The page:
Officials Quarantine Young Area Over Rabies


Two more rabid foxes have been confirmed in the Young area, bringing the number of infected animals to three discovered in the last week.

Those discoveries led to a quarantine of the community southeast of Payson Monday, which means no dogs or cats in the Young area will be allowed to roam free.

"Any dog or cat that isn't on a leash or confined could be impounded, or the owner could face citation," said Gila County Rabies Control Officer Ty Goodman. "If they're cited, the fines will be steep."

The area under quarantine extends from Canyon Creek campground to Colcord Road and south through the Haigler Creek, Young and the lower Cherry Creek areas to past Aztec Peak.

The rabies scare first came to light March 22 when a boy traveling back to Young on a school field trip was bit by a small gray fox in a freak encounter. The 12-year-old boy tried shaking the fox off his leg, and in the end, had to stomp on it with his other foot to free himself. The animal was then run over by a pickup, retrieved by another vehicle and tested.

By the next afternoon, officers received word that the animal was rabid. The boy started getting a series of rabies shots that day.

Goodman said he and his superiors took their cue from this attack, deciding it was time to do a refresher course with the Young students about the dangers of approaching wildlife.

"My supervisor, Don Skelly, and I went to Young last Thursday to talk to the students," said Goodman, who is based in Payson. "While talking to them, we hear from a couple of students about another fox that was dead near Mexican Wash. We also learned of a third on the property of Don Anderson."

The rabies control officers located the animals, removed their heads and burned the remains. The heads were then sent to the state laboratory in Phoenix for testing. By Friday evening, it was confirmed that the two recent foxes were also rabid.

Goodman said his department determined that there was no exposure to area residents.

The response of the county's rabies control department was immediate, said assistant supervisor Joey Cruz.

"We held an emergency vaccination clinic Saturday (in Young), and vaccinated 155 pets," Cruz said.

Goodman said additional clinics are scheduled for Young, Christopher Creek and the Tonto Basin area, in conjunction with Dr. Alan Hallman and the Star Valley Veterinary Clinic. Vaccination clinics also will be scheduled for horses and cattle sometime this week.

Goodman said he hopes his department is getting its message across.

"This is very serious," he said. "If untreated, exposure to rabies can be a life-threatening situation."

Goodman, fellow animal control officer Brad Scott and Dr. Hallman will be guests of Rim Country Forum on KMOG Radio Thursday from 9:05 a.m. to 10 a.m. to answer questions about the quarantine and about rabies in general.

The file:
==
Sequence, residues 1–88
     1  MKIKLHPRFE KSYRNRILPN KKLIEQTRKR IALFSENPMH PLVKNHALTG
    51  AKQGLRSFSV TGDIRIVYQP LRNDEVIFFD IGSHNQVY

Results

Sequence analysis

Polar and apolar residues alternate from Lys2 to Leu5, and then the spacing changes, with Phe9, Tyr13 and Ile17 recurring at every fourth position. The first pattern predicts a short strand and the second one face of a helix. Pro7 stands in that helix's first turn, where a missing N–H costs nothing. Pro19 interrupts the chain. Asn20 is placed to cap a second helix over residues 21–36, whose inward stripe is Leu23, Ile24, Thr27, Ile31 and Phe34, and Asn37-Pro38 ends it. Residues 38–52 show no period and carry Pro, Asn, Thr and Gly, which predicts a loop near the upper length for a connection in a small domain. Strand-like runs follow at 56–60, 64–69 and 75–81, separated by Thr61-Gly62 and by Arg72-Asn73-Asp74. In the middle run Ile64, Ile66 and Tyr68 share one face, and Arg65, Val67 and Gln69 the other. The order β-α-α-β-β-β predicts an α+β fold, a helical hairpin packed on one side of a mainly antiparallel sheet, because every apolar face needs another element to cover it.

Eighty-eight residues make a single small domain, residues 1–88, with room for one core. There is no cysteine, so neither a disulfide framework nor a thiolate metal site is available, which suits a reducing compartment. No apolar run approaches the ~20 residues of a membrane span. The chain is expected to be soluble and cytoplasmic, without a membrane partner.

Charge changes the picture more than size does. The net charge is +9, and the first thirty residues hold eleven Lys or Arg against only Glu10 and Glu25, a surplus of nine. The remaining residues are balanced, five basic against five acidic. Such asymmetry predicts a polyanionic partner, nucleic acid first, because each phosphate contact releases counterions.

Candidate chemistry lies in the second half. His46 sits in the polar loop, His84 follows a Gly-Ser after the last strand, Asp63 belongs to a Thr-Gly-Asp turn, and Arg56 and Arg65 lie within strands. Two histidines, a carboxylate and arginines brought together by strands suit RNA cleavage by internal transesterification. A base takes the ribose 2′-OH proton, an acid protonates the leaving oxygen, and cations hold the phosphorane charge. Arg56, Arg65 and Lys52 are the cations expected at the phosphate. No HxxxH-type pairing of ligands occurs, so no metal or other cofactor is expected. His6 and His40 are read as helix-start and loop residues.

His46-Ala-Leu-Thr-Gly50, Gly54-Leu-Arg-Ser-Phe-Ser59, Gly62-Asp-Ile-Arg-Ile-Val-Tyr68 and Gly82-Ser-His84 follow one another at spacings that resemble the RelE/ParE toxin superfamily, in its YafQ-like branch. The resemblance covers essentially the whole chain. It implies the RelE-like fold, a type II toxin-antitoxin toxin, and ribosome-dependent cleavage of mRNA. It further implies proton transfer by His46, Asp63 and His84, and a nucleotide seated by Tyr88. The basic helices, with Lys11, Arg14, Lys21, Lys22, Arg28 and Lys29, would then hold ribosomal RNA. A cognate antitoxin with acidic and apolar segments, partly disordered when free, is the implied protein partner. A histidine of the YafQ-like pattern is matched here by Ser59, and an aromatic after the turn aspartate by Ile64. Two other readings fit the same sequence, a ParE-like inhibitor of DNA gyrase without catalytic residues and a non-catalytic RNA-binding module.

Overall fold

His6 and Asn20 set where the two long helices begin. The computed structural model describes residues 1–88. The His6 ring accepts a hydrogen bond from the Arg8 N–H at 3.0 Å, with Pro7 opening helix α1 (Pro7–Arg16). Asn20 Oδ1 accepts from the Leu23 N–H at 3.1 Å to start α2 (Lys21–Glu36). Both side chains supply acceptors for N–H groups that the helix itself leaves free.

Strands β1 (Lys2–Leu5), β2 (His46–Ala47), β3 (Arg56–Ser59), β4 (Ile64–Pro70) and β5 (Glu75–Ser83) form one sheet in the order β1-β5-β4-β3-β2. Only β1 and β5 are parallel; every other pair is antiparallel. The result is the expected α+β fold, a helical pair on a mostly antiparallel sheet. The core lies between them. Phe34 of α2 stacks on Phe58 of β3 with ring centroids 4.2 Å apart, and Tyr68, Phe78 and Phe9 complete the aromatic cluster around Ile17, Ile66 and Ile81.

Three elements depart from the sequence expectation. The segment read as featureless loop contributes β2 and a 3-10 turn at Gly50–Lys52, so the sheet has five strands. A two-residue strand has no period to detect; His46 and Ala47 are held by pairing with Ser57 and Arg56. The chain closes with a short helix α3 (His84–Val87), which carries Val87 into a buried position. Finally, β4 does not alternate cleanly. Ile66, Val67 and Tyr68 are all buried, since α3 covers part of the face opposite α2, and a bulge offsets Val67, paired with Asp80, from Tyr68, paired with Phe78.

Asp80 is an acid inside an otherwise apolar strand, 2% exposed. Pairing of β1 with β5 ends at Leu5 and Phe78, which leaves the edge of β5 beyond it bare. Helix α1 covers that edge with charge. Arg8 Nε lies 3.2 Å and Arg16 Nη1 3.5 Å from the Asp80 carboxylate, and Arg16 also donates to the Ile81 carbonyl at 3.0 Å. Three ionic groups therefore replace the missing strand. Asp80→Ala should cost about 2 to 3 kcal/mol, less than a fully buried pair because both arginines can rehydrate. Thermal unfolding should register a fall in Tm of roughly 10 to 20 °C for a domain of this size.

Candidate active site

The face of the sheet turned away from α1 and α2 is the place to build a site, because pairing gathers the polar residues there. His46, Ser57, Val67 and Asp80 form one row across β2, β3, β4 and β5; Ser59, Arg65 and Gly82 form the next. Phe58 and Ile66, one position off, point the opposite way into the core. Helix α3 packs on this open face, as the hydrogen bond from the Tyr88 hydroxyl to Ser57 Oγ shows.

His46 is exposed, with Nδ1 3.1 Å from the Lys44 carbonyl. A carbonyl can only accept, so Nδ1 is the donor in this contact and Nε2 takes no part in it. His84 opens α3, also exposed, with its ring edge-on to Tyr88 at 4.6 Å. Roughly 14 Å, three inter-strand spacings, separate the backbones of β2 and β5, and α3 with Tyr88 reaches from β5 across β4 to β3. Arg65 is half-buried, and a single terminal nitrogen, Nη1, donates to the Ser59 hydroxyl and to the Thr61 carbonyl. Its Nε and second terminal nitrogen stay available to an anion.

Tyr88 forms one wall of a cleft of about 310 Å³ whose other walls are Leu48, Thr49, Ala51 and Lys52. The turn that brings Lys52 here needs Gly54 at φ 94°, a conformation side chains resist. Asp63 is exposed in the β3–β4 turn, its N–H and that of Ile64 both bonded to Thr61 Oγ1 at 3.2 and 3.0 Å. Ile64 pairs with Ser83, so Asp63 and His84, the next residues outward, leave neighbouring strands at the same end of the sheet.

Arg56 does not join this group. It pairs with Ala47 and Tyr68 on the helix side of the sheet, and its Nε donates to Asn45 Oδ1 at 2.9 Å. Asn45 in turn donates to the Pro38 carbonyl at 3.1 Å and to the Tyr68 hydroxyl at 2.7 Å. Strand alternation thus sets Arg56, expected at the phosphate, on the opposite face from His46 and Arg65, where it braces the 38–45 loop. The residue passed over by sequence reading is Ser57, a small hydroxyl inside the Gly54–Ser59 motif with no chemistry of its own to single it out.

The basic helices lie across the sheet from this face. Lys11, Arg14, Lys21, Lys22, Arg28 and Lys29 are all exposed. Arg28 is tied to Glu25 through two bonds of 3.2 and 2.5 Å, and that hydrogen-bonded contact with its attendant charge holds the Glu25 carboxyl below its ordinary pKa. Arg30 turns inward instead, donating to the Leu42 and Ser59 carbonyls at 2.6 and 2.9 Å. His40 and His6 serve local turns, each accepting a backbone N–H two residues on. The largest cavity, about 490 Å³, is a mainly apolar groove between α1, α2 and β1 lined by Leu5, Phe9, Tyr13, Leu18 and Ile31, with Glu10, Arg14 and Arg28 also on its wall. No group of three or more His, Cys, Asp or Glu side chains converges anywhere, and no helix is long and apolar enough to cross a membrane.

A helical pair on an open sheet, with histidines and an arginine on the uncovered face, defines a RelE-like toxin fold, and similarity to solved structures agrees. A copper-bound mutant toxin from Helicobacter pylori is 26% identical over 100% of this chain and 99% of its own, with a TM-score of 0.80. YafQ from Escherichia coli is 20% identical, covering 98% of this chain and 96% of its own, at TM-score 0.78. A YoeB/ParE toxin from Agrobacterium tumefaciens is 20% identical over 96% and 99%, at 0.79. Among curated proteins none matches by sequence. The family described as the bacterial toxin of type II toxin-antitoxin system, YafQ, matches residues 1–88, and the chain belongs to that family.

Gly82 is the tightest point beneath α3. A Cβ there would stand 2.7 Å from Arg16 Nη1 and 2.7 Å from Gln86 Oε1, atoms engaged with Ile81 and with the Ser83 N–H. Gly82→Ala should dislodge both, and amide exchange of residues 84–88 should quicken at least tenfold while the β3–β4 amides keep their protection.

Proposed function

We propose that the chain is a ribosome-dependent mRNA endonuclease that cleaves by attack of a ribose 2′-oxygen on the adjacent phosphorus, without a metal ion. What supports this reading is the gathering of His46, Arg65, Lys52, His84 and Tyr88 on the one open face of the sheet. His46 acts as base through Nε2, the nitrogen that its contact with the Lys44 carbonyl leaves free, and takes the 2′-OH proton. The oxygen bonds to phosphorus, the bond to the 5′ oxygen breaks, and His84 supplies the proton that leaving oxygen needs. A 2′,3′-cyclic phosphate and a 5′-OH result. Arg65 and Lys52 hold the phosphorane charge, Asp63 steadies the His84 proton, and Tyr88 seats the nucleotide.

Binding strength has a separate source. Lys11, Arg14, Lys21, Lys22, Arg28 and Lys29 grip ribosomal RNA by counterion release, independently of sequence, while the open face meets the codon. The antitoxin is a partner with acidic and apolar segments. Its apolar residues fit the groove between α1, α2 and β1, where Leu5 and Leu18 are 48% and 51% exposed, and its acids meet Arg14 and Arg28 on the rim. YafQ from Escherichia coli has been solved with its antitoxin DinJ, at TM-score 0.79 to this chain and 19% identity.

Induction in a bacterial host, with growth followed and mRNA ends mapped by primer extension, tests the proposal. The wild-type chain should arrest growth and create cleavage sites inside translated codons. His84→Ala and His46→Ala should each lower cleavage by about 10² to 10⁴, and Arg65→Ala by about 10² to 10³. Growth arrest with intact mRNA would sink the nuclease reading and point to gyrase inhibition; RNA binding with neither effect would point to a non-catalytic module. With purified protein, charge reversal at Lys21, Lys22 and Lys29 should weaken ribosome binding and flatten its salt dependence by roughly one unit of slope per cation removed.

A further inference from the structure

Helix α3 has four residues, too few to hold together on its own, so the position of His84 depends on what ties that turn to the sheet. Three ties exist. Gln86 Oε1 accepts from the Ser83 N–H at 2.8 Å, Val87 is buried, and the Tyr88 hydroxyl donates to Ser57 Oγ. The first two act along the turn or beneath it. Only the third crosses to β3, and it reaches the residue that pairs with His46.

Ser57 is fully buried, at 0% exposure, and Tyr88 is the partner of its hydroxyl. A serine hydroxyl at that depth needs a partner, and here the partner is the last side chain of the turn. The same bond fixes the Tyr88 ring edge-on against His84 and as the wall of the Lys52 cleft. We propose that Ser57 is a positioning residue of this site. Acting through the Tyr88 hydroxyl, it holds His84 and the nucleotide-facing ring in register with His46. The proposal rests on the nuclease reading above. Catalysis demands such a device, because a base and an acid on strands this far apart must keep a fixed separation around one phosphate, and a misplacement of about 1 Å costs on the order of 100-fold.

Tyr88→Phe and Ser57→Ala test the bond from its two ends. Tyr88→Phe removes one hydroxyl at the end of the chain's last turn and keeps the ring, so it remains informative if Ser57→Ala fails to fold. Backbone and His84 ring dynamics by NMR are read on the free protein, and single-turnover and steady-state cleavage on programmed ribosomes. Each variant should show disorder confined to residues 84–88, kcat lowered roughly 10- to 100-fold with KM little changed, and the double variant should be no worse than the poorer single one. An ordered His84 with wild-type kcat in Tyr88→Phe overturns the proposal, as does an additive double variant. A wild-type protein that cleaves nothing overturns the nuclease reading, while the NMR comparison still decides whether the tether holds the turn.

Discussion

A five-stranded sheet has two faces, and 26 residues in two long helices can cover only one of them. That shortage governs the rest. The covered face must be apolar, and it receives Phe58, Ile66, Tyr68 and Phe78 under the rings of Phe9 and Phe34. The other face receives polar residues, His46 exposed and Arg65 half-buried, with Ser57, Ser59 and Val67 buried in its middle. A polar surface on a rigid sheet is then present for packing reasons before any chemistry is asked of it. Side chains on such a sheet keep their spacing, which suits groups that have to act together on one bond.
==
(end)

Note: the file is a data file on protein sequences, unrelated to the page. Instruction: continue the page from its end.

For more information, contact the rabies control department at 474-1210 or (520) 425-5882.

Facts on rabies
• Rabies is a deadly viral disease that attacks the central nervous system of its victim.

  • Wild animals carry the most risk of being rabid. Strictly speaking, any fur-bearing mammal can carry rabies, however certain wild animals are the most common carriers. Skunks (polecats), raccoons, foxes, and bats are the most common carriers. Beavers, rabbits, chipmunks, squirrels, rats and mice are less notorious, but are fully capable of being rabid. Dogs, cats and cattle are the domestic animals that are at highest risk. In rare instances, bats have been known to pass the virus without direct contact.
  • Because many wild animals migrate, the problem exists nearly everywhere in the United States. Because our wilderness is being constantly encroached upon, and some species of wild animals are adapting to our neighborhoods, the potential for spread of rabies from wildlife into domestic life is very high.
  • Rabies is most often passed from animal to animal, or animal to human, through bites. The rabies virus in the attacker's saliva is passed through the puncture wound into the victim's skin. The virus can also be transmitted by licking when a sore or wound is exposed to saliva from an infected person or animal.
  • If you feel that you have been exposed to a rabid animal, you must seek the advice of a doctor or health department immediately.
  • If you, your child or pet is wounded by an animal, wash the wound with soap and water immediately. Seek the help of a health care professional immediately if there is reason to suspect that the animal has rabies. However, there is no way to know without having the live animal or its carcass laboratory tested. Do not attempt to guess. Assume it does if you have any reason to suspect that the animal is rabid.

Source:, a Web site resource on rabies presented by Stemrich & Associates.

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